Real Women Have Curves
Director : Patricia Cardoso
Screenplay : George LaVoo and Josefina Lopez (based on the play by Josefina Lopez)
MPAA Rating : PG-13
Year of Release : 2002
Stars : America Ferrera (Ana), Lupe Ontiveros (Carmen), Ingrid Oliu (Estela), George Lopez (Mr. Guzman), Brian Sites (Jimmy), Soledad St. Hilaire (Pancha), Lourdes Perez (Rosali), Jorge Cervera Jr. (Raul), Felipe De Alba (Grandfather)
In Real Women Have Curves, 18-year-old newcomer America Ferrera does a lot of exasperated sighing and angry eye-rolling as Ana, a bright and ambitious young woman who has just graduated from high school and has her whole life ahead of her. There’s one major obstacle in her path, though: her conservative-minded and utterly unbending mother, Carmen (Lupe Ontiveros), who thinks that, because she went straight to work as a teenager and hasn’t stopped in the 38 years since, her daughter should do the same.
The story, set in East Los Angeles, was based on a play by Josefina Lopez, who penned the screenplay along with George LaVoo. Director Patricia Cardoso establishes the texture and rhythms of life in East L.A., carefully balancing the toil of the blue-collar work endured by many of the characters with the strength of their heritage and sense of pride. Life for most of the characters isn’t easy, but the film doesn’t sink into pat sympathy and despondence. Rather, it shows life for what it is—sometimes difficult, sometimes exhilarating.
As Ana graduates from high school, she spends the summer pondering what to do with her life. At the behest of an enthusiastic teacher (George Lopez) at the Beverly Hills high school she attends via a multi-bus commute, she has applied to college and has a strong chance of getting into Columbia University with a full scholarship, thus opening up a world of opportunity not available to the other members of her family. Her mother and father, Raul (Jorge Cervera Jr.), aren’t enthralled with the idea of her leaving to go to college. For one, they see it as breaking up the family, which is central to their sense of identity. Secondly, they feel that Ana has a duty to help out her older, unmarried sister, Estela (Ingrid Oliu), who owns a small dress factory that is only a few steps above a sweatshop (she is paid $18 per dress that are then sold for $600 at Bloomingdale’s). Yet, Estela and the other women who work there feel a great deal of pride in what they do, and it is expected that Ana should feel the same.
Ana is bitter, but resigned to her lot in life. She knows she’s capable of more, which is what causes her to act out against her family at times. She is also drawn to a fellow just-graduated senior named Jimmy (Brian Sites), perhaps because he understands and respects her dreams and desires in a way her family members cannot. This is particularly true of her mother, who thinks that Ana should follow directly in her own footsteps. Carmen is the type who is fond of spinning melodramatic stories, all of which somehow end with the moral that daughters should listen to their mothers. Carmen’s matriarchal stubbornness is matched only by Ana’s teenage willfulness, and it isn’t hard to see that sparks will fly.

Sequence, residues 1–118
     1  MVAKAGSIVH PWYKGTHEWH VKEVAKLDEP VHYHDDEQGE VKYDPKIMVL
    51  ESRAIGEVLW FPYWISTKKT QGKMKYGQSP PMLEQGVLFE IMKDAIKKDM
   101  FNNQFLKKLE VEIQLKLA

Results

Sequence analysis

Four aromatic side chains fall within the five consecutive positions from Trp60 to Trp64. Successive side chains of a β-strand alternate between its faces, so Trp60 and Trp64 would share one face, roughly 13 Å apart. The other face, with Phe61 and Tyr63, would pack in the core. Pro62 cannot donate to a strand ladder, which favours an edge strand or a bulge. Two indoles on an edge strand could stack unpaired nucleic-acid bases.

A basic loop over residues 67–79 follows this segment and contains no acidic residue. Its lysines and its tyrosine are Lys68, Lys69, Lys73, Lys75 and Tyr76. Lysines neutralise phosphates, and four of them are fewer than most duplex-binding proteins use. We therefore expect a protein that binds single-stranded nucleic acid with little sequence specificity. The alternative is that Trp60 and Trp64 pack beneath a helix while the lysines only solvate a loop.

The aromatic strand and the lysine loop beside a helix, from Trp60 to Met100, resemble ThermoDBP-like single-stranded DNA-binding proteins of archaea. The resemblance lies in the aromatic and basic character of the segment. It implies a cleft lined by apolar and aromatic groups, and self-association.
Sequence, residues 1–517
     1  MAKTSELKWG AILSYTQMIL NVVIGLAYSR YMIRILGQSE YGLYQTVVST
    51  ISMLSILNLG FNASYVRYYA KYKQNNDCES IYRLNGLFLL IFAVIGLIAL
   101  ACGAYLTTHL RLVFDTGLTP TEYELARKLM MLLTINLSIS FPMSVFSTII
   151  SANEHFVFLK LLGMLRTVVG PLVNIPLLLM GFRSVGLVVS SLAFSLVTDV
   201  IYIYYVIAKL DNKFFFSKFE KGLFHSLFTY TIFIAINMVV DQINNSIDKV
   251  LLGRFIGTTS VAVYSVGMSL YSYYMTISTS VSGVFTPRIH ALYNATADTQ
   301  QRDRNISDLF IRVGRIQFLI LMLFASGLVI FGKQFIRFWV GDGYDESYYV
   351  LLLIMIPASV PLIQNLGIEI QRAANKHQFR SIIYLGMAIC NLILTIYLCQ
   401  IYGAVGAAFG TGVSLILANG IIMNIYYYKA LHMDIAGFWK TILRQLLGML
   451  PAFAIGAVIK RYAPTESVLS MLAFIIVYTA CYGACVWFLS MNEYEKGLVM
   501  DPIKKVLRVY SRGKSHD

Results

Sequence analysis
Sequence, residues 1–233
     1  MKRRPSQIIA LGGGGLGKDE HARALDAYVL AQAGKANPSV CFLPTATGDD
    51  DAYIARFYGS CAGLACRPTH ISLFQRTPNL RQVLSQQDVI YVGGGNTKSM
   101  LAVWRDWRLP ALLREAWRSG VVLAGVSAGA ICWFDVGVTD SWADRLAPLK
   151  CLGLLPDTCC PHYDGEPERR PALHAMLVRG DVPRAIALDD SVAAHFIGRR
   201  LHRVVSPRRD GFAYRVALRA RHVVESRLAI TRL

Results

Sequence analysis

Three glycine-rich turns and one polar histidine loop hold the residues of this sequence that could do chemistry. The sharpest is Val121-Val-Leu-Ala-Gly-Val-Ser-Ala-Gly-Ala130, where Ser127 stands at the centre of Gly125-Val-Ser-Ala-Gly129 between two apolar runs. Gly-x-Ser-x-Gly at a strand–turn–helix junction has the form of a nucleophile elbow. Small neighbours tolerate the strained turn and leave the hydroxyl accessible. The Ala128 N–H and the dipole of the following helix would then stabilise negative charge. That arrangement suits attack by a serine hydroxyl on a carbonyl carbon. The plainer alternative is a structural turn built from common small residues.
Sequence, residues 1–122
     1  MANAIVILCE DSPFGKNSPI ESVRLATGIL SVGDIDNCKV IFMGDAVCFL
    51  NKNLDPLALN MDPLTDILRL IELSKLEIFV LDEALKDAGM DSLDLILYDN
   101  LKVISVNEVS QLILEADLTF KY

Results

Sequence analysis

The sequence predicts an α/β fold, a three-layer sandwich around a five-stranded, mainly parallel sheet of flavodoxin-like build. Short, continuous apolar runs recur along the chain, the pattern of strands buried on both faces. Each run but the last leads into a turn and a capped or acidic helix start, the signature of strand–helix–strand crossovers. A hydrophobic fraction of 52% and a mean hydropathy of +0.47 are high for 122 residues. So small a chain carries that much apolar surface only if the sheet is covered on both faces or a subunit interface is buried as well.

At its core, Real Women Have Curves is a bittersweet dramedy about the conflict between an aging mother whose worldview is firmly rooted in a traditional past and her rapidly maturing daughter who is defined primarily by her sense of modern womanhood. What makes the film work so well is that it conveys with moving clarity the doggedness of these two women’s worldviews without minimizing or disparaging either one. Granted, the film clearly sides with Ana and her view of womanhood as being defined by intellect and independence, rather than an absolute and unquestioned commitment to family and labor.
Yet, even then, it never demonizes Carmen, no matter how irrational her behavior may be. Make no mistake, Carmen can be ruthless: She constantly berates Ana about how she needs to lose weight and how she is a disgrace to the family because she doesn’t work hard enough. But, beneath the cruelty of her comments, Lupe Ontiveros (who played the much put-upon maid in Todd Solodnz’s Storytelling) always suggests Carmen’s inner pain, longing, and, above all, jealousy. She’s not a cruel woman, but rather a sad one who has dedicated her life to something and can’t stand to see her daughter turn her back on it in pursuit of something else, even if that something else is a noble and worthy goal.
Ontiveros’ performance is beautifully nuanced, layering anger on top of love on top of bitterness, and her scenes with America Ferrera have the spit and tension of a real mother-daughter conflict. They don’t get along at all, but it’s only because they’re so much alike. One gets the feeling that, if they had been born in different decades, each would do what the other is doing with the same fierce commitment and unyielding sense of rightness.
Real Women Have Curves doesn’t offer an easy answers. It has a positive ending, but it realistically accepts that such an ending has its price. For Ana to break away from her family when they don’t want her to go is not an easy thing, but the confident smile we see on her face at the end suggests that the pain involved is worth the suffering for the future it will offer her.
Copyright © 2002 James Kendrick